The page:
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Air Quality
October 8, 2018

Indoor Air Quality – During the Cold Months

Keeping Your Indoor Air Quality Pure – From Winter to Spring – The Stack Effect

Though indoor air quality is important any time of year, it’s crucial in winter, when we seal in allergens, dust mites, and cleaning chemicals to keep our homes warm and save energy. Unfortunately, winter makes your home or business’s air quality much worse. The good news? You can keep your indoor air clean in the winter, too, even if you have pets; it just takes a little planning and a bit of know-how.

What the Stack Effect Means for You

Ever wonder what makes a hot air balloon rise? It’s possible we gave that one away, but, if you missed it, the answer is heat. And guess what’s happening in your home during winter? Your home is heating up. The combination of heat from below and air rising is called the “stack effect,” and it’s the phenomenon whereby air is drawn up from the lowest levels of a structure – through the floors, windows, doors, and then up from the basement or crawlspace. So, basically, you and your family are breathing crawl space air all winter long. In fact, around 40% of the air you breathe in winter is from this “stack effect.”

The Effect of the Stack Effect on Your Health

The toll that poor indoor air quality can take on your life is nothing to sneeze at – though it may cause you to sneeze. At best, it exacerbates the difficulty of dust mite and mold allergies, as well as sensitivities to certain toxic chemicals. At worse, it can cause chronic respiratory problems, heart issues, and even cancer.

The stack effect is a natural consequence of the way HVACs work to keep buildings warm. However, there are some steps you can take to keep your indoor air clean despite the stack effect.

Improve Air Quality in Your Home this Winter – And Every Day After

When your heat clicks on, consider how to balance the stack effect so that poor air quality isn’t stacked against you. Check out these types for clearer indoor air.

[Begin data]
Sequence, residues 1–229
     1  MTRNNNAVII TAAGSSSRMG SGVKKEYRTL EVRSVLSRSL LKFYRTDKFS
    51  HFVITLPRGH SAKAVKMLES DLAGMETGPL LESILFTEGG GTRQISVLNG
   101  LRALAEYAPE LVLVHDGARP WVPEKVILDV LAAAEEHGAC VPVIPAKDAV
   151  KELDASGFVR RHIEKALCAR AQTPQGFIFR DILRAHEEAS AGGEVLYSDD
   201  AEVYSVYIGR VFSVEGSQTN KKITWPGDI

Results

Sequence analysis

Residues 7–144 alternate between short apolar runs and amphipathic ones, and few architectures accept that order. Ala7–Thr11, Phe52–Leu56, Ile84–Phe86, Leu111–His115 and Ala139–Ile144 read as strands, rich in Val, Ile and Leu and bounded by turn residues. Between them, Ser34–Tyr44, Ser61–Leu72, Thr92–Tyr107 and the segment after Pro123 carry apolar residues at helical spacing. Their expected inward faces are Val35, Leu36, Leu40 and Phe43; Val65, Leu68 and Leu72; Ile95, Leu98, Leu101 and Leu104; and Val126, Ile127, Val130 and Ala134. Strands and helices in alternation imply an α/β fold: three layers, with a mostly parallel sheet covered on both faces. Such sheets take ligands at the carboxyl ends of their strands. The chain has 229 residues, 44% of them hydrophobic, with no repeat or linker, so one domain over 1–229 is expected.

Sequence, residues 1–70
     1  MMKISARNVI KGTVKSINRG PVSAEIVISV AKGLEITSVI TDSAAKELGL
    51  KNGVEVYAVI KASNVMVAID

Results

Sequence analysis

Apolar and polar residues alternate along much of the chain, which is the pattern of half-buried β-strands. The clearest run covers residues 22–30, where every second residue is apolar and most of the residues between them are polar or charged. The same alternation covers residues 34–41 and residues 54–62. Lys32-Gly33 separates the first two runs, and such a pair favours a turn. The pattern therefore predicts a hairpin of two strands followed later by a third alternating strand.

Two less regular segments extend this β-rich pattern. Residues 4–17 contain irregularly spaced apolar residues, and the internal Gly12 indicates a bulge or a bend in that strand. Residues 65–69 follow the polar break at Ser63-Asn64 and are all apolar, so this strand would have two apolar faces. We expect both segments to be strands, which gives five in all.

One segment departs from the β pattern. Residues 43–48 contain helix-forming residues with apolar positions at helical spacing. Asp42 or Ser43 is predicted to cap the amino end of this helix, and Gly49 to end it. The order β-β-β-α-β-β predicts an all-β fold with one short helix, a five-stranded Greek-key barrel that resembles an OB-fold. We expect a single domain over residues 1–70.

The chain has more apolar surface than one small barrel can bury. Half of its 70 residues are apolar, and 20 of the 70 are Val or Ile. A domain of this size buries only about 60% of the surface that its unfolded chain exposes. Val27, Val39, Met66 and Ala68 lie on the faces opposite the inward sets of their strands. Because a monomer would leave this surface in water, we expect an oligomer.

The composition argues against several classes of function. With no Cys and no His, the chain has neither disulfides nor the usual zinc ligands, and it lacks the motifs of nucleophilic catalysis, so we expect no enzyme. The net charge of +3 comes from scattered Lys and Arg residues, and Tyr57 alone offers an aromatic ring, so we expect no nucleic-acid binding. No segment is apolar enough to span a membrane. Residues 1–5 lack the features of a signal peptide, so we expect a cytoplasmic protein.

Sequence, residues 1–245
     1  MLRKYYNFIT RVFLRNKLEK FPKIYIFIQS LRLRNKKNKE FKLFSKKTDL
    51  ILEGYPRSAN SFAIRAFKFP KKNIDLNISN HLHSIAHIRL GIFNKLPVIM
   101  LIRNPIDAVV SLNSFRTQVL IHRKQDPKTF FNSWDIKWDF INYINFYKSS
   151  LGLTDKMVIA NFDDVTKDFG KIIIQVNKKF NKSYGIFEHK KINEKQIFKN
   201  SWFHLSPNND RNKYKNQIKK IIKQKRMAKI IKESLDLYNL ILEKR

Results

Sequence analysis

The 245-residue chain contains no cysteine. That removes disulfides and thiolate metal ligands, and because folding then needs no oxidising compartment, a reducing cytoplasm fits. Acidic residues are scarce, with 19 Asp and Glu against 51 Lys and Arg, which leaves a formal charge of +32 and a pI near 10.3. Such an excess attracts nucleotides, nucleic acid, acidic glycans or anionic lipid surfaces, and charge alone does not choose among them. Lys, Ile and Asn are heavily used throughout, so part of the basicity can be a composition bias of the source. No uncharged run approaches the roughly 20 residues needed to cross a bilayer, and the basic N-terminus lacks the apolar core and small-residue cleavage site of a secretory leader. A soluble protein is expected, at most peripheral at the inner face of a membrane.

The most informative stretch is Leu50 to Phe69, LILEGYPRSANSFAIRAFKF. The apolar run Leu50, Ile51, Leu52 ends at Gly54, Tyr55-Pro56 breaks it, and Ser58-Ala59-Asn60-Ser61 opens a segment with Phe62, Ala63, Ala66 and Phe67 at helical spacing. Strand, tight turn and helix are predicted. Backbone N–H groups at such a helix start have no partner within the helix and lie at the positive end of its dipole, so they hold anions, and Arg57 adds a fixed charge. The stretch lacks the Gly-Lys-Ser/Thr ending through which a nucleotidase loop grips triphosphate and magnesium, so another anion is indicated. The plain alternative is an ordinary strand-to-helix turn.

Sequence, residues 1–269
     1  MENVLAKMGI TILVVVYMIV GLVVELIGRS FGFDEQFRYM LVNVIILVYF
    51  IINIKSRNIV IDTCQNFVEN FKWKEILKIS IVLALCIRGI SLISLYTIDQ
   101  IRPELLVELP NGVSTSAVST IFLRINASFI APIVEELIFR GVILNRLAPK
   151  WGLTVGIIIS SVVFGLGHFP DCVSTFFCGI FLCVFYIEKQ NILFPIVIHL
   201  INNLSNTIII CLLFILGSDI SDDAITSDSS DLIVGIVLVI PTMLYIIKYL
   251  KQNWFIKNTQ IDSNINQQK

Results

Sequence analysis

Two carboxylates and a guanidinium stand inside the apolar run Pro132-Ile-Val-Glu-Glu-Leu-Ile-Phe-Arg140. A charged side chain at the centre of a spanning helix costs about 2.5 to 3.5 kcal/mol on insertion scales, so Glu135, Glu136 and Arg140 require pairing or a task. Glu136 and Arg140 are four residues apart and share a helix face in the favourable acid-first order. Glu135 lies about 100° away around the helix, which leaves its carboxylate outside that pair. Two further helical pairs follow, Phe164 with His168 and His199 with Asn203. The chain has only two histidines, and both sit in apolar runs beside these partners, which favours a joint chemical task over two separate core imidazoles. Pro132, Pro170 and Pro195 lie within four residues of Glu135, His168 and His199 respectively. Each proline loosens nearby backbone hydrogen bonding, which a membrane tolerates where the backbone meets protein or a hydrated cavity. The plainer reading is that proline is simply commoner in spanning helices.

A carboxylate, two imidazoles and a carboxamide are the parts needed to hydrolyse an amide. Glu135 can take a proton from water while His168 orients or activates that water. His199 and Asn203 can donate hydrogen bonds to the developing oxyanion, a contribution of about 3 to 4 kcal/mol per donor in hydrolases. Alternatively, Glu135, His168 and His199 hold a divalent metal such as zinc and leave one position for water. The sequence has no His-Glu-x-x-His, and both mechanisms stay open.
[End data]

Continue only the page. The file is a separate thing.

• Change your furnace’s filter. Before winter starts, have a professional inspect your unit. Then, put a reminder in your calendar to change the furnace’s air filter regularly. Inspect it once a month for particulates. Check the filter’s rating, too, and don’t rely on poor quality for such an important element of your system.
  • Invest in a Home Humidifier. Whole-home humidifiers work through the air ducts of an HVAC system, fighting the effects of winter dryness like itchy skin, dry nasal passages, and too much static.
  • Keep Things Tidy. Change your sheets weekly, vacuum every two or three days (more if you have pets), and stay on top of dusting. These small things don’t seem like much, but when they get neglected, they can really affect the air.
  • Buy an Air Purifier. Air purifiers are great for people who have severe sensitivities or allergies – because sometimes cleaning isn’t enough.
  • Grow Plants. A few plants will organically help your home’s air stay clean. Peace lilies, English Ivy, spider plants, and rubber plants all help remove toxins from the air.

Of these, staying on top of HVAC maintenance and filter changes is crucial for clean indoor air because it’s where the heat starts.

Clean Air Makes for a Healthier Winter

Whether you live in Fargo, North Dakota or Jacksonville, Florida, when winter comes, windows close and our air quality changes. Business buildings and homes are made to keep winter out – but you can improve your air quality with some small steps.

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